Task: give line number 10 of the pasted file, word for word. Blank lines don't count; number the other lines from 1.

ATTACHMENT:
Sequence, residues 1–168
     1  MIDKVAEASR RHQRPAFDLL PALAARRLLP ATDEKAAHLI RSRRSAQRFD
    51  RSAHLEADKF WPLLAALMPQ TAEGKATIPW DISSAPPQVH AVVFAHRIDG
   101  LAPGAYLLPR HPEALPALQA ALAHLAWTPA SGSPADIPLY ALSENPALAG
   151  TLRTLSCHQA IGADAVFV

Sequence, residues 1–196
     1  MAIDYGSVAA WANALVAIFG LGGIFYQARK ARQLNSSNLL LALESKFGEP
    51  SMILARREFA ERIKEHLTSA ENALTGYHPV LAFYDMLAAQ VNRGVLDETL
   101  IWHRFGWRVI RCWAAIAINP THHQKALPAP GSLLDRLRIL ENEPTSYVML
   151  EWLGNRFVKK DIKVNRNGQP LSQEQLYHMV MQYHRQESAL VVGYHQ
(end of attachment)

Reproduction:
   151  EWLGNRFVKK DIKVNRNGQP LSQEQLYHMV MQYHRQESAL VVGYHQ